Hellstern Middle School staff practice emergency cardiac arrest response skills as part of the Heart Safe School designation process.

Shaw Elementary School and Hellstern Middle School are the first Springdale schools to be designated as Heart Safe Schools through the Project ADAM sudden cardiac arrest response program.

Project ADAM is a national organization committed to saving lives through advocacy, education, preparedness and collaboration to prevent sudden cardiac death, according to the nonprofit’s website. The organization was established in 1999 in honor of Adam Lemel, who was 17 when he suffered a sudden cardiac arrest and died while playing junior varsity basketball in Whitefish Bay, Wis. On-site defibrillation may have saved the student athlete’s life.

There are some 5,000 Heart Safe Schools nationally and 30 in Arkansas, said Charles Wooley, Arkansas Children’s Heart Institute Project ADAM coordinator. Northwest Arkansas has four Heart Safe Schools in the Springdale, Huntsville, and Gentry school districts. Har-Ber High School is also currently working toward the designation.

There are multiple benefits to becoming a Heart Safe School, Wooley said.

“My favorite one is that the school nurse builds a team of responders,” Wooley said. “A person having a cardiac event needs help fast and a lot of it. One person can't do this effectively, it takes a team.”

Shaw pursued the designation to further contribute to the safety and health of the school’s students in the event of a cardiac crisis, said Morgan Ludwick, the school’s nurse.

“The only thing we can control is how prepared we are to respond and handle any life-threatening situation,” Ludwick said. “Much like practicing safety with a fire or tornado, we believe it's important to practice safety for a cardiac event. Being prepared to provide a timely, safe, organized response will save a life.”

Hellstern Middle School staff practice emergency cardiac arrest response skills as part of the Heart Safe School designation process.

The designation provides an extra layer of protection for staff and students, said Laura Harkins, Hellstern Middle School nurse.

“We hope this designation helps alleviate concern and worry for parents and families and helps reassure them their children will receive quick and effective medical care when situations arise,” she said.

Gaining the designation included creating a school preparedness assessment to build the school’s response team and enhance response efforts, Ludwick said. Shaw staff used the assessment to develop an emergency response plan and to strategically recruit and train the school’s Medical Emergency Response Team.

Team roles include designated staff members to call 911, meet emergency responders, conduct chest compressions and deliver airway care, Wooley said.

Shaw’s 10-person team conducted monthly drills that were assessed by Wooley to practice automated external defibrillator and CPR skills and to continually improve its response time, Ludwick said. The team then put their skills to the test with the help of Springdale EMS and fire department staff members, receiving superior scores on their performance.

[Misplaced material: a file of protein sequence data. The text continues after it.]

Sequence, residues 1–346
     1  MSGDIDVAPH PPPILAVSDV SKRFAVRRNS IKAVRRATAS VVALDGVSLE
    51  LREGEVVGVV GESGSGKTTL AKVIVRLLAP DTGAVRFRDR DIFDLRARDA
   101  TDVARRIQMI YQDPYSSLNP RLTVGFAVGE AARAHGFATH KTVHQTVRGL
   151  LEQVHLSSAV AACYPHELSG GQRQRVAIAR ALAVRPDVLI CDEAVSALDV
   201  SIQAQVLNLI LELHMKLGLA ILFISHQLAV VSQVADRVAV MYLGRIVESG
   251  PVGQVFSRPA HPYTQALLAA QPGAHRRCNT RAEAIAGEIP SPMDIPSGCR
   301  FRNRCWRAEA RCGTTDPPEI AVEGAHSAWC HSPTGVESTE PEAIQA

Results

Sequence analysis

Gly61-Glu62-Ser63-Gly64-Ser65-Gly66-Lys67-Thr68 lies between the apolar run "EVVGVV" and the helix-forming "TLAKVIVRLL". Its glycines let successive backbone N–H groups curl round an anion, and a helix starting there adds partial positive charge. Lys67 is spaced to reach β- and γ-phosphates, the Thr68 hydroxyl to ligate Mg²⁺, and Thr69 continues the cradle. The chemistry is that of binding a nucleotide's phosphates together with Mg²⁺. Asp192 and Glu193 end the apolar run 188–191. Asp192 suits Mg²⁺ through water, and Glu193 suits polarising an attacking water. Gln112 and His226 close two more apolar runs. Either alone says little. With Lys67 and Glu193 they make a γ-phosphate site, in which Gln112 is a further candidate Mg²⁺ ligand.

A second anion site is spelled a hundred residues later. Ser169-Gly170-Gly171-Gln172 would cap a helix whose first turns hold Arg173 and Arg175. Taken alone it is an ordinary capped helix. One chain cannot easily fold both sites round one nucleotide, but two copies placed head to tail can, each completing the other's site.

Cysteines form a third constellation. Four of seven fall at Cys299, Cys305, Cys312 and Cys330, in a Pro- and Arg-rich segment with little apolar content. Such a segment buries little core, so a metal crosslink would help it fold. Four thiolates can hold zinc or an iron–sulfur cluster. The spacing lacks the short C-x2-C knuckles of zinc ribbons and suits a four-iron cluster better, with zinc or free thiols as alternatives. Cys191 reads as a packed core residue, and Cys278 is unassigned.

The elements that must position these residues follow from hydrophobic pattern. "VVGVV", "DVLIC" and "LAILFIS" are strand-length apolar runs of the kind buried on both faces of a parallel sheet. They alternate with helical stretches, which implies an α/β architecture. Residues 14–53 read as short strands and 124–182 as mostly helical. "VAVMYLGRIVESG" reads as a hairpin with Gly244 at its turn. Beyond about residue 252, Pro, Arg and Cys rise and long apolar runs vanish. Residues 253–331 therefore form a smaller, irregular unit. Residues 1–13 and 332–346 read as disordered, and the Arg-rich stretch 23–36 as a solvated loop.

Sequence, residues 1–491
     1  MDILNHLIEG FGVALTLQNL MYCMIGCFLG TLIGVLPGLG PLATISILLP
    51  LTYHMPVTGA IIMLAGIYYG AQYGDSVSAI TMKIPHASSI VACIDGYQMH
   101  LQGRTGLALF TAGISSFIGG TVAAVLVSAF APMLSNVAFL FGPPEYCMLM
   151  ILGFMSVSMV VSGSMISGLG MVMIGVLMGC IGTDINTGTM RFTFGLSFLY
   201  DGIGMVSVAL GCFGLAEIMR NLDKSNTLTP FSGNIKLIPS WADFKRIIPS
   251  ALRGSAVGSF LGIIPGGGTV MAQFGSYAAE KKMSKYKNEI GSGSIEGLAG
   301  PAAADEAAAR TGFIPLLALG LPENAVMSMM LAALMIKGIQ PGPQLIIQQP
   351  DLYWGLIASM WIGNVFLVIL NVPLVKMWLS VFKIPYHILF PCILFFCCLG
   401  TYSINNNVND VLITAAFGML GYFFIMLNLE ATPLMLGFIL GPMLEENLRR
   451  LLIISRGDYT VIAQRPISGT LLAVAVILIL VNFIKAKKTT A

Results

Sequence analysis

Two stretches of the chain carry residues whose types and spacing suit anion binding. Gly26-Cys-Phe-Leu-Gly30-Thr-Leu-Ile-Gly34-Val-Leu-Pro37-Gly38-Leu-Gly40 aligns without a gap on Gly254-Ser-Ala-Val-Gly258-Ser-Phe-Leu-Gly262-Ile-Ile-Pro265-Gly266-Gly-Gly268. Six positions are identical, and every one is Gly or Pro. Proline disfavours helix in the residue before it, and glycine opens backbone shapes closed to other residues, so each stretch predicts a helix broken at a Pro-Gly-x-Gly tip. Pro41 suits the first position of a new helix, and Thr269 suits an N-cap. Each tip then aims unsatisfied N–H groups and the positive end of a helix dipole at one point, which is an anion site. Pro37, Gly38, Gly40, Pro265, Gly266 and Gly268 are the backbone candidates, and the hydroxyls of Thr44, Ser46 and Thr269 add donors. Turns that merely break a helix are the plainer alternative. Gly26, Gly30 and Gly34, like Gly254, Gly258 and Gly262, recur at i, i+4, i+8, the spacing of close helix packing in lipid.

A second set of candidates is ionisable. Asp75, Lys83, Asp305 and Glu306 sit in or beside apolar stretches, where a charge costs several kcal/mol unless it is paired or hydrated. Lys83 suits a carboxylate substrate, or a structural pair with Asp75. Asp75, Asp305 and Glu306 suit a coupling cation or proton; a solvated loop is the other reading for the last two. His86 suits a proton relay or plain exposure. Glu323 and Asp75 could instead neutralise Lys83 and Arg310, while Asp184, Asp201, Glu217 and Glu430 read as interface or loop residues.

“This process gave us a valuable opportunity to grow both individually and as a united team,” Ludwick said. “I think the most important outcome of this process is that as a nurse I am 100% confident that my team can handle a cardiac emergency if I happen to be out of the building.”

Hellstern’s response team is comprised of 12 staff members, Harkins said.

“It was a great experience and actually a lot of fun to put a team together to quickly respond to emergencies,” she said. “I really enjoyed seeing our team learn how to effectively communicate, work together and troubleshoot in different scenarios. It's so nice knowing we have so many people willing to jump right in and help.”

Developing a comprehensive plan and putting it into place with surprise drills during busy school days was the most challenging aspect of the process, Ludwick said.

“Making the time to prioritize safety, even if it means disrupting routine, was an important piece,” she said. “I am thankful for all of our students and staff who helped make it possible.”

The designation process is free for participating schools and can take anywhere from two weeks to a year to complete, Wooley said.

The value of a timely and effected response to a cardiac emergency was demonstrated in January when Buffalo Bills safety Damar Hamlin went into cardiac arrest during a game, he said. Several Arkansas student athletes have also been saved through resuscitation in Arkansas, to include Springdale High School football player Mackenzie Phillips, who suffered and survived a cardiac arrest Nov. 7, 1986, during a game at the high school.

Becoming a Heart Safe School is reassuring for parents, Wooley said.

“As a parent of a child in school every day, I am comforted knowing his school has a team of responders that can save his life,” he said. “This is needed in every school in our state and across the country. Together we can change outcomes for our students and staff members during an emergency at school.”

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Shaw Elementary School emergency response team members train for a cardiac health crisis with the support of Springdale emergency responders.

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